Baseball fans are not likely to forsake their sport in light of revelations that many of the game's eminent performers bound onto the field with noses full of cocaine. Baseball's patriarchs can relax. The fans' tolerance for sordidness and stupidity is apparently limitless.
Baseball's cocaine scandal is a typical contemporary American scandal -- to wit: it scandalizes no one, not even the angels in our midst. So many antiheroes have been receiving celebrity treatment that it seems to be de rigueur for the celebrated to act knavishly even in public, particularly if one is a professional athlete or a popular entertainer. As for the baseball drug bust, there will be a proper amount of pontification from the press corps, then will come the brave rationalizations, engauded with the latest psychological or sociological gibbering, then on to other diversions.
Already Commissioner Peter Ueberroth is being publicly admired for his "compassion," reminding us once again of the wit's wisdom in noting that those who deem patriotism the last refuge of the scoundrel have underestimated compassion. Compassion is the easy virtue that exalts the virtuous whether he has acted virtuously or not; in fact, it exalts him though he may not have acted at all. Certainly Ueberroth is no scoundrel, but unless he takes rigorous measures against the scoundrels who traffic in drugs while under his authority, he will simply go down as one more practitioner of this exalted cop-out.
Keith Hernandez, the New York Mets' prodigious first baseman, has blurted out that in 1980, 40 percent of his colleagues were sozzling themselves on drugs, though he insists that the figure has declined. Actually, drug use remains prevalent, and not only in professional baseball. Commenting on baseball's controversy and the recriminations issuing from it, the New York Yankees' Don Baylor remarked, "It's gonna get a lot nastier before it gets better." He is an audacious opponent of drugs.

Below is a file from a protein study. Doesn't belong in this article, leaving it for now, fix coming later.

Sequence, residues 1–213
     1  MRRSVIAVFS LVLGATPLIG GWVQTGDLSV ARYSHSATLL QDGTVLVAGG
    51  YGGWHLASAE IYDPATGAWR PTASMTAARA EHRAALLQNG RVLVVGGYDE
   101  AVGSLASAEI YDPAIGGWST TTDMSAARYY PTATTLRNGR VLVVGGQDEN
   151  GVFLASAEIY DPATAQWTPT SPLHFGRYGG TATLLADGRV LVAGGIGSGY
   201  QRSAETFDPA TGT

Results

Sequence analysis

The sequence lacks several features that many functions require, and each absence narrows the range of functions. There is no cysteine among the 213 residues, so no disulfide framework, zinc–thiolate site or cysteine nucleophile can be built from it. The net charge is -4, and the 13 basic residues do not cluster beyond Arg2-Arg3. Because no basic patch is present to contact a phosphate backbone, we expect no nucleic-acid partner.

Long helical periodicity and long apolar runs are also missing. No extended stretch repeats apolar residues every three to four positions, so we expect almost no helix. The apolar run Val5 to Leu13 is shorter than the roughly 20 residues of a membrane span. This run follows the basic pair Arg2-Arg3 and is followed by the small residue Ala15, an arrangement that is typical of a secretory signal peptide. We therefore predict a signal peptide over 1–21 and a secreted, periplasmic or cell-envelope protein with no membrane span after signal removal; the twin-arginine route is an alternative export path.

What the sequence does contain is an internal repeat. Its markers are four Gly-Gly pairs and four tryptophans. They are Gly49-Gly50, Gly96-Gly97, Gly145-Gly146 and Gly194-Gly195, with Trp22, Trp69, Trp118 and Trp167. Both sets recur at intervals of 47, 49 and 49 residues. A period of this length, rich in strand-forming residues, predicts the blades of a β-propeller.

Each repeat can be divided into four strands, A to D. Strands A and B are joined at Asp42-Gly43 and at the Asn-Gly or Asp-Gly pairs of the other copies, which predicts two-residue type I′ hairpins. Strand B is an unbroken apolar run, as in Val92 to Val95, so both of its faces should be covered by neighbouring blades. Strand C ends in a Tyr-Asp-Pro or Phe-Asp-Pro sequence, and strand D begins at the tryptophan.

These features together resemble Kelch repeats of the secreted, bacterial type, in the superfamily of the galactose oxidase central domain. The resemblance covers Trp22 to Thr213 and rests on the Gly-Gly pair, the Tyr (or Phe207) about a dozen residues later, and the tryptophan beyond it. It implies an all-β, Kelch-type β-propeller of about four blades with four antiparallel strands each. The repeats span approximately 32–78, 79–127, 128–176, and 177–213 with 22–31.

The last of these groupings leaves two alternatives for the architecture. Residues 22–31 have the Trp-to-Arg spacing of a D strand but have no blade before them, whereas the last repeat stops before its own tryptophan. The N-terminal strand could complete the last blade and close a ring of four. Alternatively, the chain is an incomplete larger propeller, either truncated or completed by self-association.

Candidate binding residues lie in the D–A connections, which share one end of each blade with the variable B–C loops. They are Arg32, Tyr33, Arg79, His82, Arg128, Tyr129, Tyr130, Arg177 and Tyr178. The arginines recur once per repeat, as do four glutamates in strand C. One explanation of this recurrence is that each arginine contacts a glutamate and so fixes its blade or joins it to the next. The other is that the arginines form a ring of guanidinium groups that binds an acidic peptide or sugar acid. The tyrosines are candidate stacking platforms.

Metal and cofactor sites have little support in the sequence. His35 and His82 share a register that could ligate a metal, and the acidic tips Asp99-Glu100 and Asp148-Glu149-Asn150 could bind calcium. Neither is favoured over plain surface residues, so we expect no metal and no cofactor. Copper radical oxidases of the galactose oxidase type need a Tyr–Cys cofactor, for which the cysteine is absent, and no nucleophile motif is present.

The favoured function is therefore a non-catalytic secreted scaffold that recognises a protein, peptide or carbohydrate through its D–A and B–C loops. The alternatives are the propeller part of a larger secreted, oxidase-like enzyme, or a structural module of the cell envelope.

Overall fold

America has reputedly wised up to the stupidity of drugs, but sports fans still holler their he-man shouts for favored teams whether dominated by unsavory figures or not. The immense importance that some Americans, usually men, accord to professional sport is really not quite adult. As the evidence mounts that many athletes are playing under the influence of drugs, it is increasingly clear that the childish fans are being duped. There they sit mulling over the fine points of a play that might well have been executed by a gladiator strung out on drugs. Fans go mad for sports that apparently bore many athletes, who turn to cocaine to escape the tedium.
What is more, these cocaine-sniffers are also chumps. Some have been testifying that despite their habits they have played brilliantly. Enos Cabell, a Los Angeles Dodgers infielder, said he snorted cocaine as many as a hundred times between 1978 and 1984 and thought he performed quite well. Such naive claims bring to mind deluded writers such as the pathetic and long dead Thomas De Quincey, who bragged of his literary gifts.
Either Cabell would have been playing much better without the drug or he was hornswoggled into buying very low-grade cocaine. A cup of coffee might have been sufficient for his purposes. De Quincey, incidentally, came to an agonized end, and his writing was as wretched as his life. Doubtless, many of the drug users in big-time sport will end in similar squalor.
Cocaine is a baleful substance. Hernandez but hinted at its poisonous nature in testifying that it was "a demon in me . . . the devil on earth." The list of its victims grows every year, as authorities evade their responsibility.
In the present case, Ueberroth should suspend those athletes who have admitted to drugs. Professional athletes should be tested for drugs just as some amateurs are. Finally, compassion should be demoted and replaced by severity. This is made manifest in an absorbing book soon to be published, "The Snow Papers." There, Richard Smart chronicles the horror of cocaine, which dumped him from the heights of politics, power and prestige into a sink of dereliction. Who knows if he is really free of it?